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Palazzo Ricca—

the Bank of Naples & the Historical Archives

Palazzo Ricca (photo) is located at via Tribunali 213. One story goes that in the mid-1500s some lawyers loitering on the stairs of Palazzo Capuano, the Hall of Justice cum debtors' prison, were flagged down by an inmate. He was waving his coat and wanted to "loan" it to them for five carlini, the sum he needed to get out of jail. They agreed. With that, the grand and benevolent institution of the pawn shop in Naples was born, with said enterprising legal fleagles opening up shop right there in the prison. The business soon moved into new premises and opened as the Monte e Banco dei Poveri.

That colorful story may or may not be true. The Bank of Naples, itself, has this to say about its own history:

"The origins of the Banco di Napoli date back to the public banks in religious locations, which emerged in Naples in the 16th and 17th centuries. One of the first charitable institutions to go into banking was the Monte di Pietà, founded in 1539, whose philanthropic purpose was to provide interest-free loans on pawned goods. Later, the Monte di Pietà opened a depository bank that was recognized with a viceregal proclamation in 1584.

Another seven institutions were then opened [in Naples]: the Sacro Monte e Banco dei Poveri (1600); the Banco Ave Gratia Plena or Banco della Santissima Annunziata (1587); the Banco di Santa Maria del Popolo (1589); the Banco dello Spirito Santo (1590); the Banco di Sant' Eligio (1592); the Banco di San Giacomo e Vittoria (1597); and the Banco del Santissimo Salvatore (1640). These eight banks prospered for over two hundred years."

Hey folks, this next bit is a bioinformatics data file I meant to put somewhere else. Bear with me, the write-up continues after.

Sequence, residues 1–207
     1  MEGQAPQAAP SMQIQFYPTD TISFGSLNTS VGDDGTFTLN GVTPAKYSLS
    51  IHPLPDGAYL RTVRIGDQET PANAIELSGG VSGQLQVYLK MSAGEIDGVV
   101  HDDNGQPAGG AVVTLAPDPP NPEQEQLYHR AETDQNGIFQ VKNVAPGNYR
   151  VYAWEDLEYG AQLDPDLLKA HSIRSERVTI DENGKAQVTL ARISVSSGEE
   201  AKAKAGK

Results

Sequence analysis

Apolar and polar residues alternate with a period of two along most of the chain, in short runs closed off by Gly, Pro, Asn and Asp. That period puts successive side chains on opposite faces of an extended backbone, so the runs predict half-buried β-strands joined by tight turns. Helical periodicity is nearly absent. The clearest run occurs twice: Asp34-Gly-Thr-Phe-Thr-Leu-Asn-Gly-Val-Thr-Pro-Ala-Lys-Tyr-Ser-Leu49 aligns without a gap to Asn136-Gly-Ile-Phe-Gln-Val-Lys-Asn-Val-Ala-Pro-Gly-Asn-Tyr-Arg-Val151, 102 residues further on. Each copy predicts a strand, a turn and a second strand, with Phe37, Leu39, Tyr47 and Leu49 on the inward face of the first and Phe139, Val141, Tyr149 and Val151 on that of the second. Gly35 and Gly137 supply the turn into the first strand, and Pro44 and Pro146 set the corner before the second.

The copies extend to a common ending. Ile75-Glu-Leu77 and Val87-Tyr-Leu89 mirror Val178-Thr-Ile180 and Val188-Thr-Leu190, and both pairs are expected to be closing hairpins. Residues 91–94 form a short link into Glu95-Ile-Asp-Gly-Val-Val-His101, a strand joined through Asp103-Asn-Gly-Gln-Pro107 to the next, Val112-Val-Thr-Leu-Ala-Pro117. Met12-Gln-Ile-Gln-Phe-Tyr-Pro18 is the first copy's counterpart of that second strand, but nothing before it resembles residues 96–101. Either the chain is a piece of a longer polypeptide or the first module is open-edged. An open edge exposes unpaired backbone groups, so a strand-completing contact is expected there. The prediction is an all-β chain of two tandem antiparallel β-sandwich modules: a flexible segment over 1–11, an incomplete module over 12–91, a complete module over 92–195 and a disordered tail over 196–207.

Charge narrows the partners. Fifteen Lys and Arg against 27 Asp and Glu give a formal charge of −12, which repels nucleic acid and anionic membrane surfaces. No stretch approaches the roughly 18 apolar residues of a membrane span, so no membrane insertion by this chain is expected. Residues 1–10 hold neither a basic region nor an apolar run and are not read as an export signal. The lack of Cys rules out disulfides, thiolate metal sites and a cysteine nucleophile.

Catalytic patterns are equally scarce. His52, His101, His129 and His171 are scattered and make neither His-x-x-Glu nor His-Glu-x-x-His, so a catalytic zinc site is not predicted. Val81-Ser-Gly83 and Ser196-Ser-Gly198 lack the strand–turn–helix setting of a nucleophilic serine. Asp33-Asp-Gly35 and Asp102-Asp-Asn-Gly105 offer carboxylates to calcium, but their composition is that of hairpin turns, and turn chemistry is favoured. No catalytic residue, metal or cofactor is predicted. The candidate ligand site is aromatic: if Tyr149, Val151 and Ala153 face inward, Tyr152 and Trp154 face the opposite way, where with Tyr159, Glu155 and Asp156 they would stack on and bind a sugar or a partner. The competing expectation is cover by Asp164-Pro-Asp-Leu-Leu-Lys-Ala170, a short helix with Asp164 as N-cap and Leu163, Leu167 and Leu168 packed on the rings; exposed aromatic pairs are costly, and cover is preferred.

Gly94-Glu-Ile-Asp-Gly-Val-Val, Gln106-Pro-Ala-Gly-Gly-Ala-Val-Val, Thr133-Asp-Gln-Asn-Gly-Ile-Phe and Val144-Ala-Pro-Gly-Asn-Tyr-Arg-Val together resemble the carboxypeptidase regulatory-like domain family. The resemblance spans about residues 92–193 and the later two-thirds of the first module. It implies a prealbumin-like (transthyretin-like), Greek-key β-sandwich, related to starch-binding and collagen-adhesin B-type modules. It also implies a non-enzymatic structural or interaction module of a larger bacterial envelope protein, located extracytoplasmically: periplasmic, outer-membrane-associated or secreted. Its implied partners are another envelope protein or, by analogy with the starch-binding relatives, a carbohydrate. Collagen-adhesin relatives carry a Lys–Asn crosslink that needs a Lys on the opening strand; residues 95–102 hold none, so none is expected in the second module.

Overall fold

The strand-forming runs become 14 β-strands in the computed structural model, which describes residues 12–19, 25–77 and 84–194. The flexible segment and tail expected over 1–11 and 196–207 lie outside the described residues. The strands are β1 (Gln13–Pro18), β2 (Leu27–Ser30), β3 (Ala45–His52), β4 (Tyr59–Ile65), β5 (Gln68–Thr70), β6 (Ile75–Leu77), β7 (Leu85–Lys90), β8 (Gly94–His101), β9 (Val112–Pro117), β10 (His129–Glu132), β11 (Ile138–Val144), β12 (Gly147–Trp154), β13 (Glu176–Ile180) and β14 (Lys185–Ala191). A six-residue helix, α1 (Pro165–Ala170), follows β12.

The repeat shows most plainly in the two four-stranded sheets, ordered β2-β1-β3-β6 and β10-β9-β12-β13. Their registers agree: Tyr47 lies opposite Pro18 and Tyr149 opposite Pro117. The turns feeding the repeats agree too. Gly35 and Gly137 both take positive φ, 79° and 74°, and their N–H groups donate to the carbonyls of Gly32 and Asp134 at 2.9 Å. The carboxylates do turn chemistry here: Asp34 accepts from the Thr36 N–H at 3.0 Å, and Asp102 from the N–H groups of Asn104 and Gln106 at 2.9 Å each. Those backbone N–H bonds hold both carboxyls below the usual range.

(Such institutions in Naples were in the tradition of the many such church-run non-profit pawn houses that had started to open throughout Italy in the mid-1400s in order to combat usury.) In 1616, the original Monte di Pietà transferred to Palazzo Ricca and in 1632 became a public institution. The adjacent Palazzo Cuomo was added to the premises in 1787. The name Banco dei Poveri would remain until a consolidation of all such public banks in 1794 by Ferdinand IV of Bourbon produced the "Banco Nazionale di Napoli," then becoming the "Bank of the Two Sicilies" in the early 1800s. After the unification of Italy (1861), the institution became, simply, the "Banco di Napoli".

note on St. Cajetan

I was kindly reminded a few days ago that August 7 is the feast day of St. Cajetan (San Gaetano in Italian) (1480-1547), one of the promoters of the original Monte di Pietà in 1539. The saint was born Gaetano dei Conti di Tiene (also Thiene) and founder of the order of the Clerics Regular, better known as the Theatines. (He should not be confused with his contemporary, Cardinal Thomas Cajetan, prominent theologian of the Counter-Reformation.) San Gaetano is the patron saint of the unemployed, gamblers, job seekers and good fortune. His remains are in the Theatine church of San Paolo Maggiore in Naples. The church is at the precise center of the old historical center of the ancient city (#33 on this map). The square is, indeed, named Piazza San Gaetano and there is a prominent statue of the saint in the square. The statue is from the years 1657-70 and was the work of the indefatigable Cosimo Fanzago. Originally, it was to be an obelisk, a "plague column" like others in the city, but was never finished.

 "String" of bank documents
from the 1600s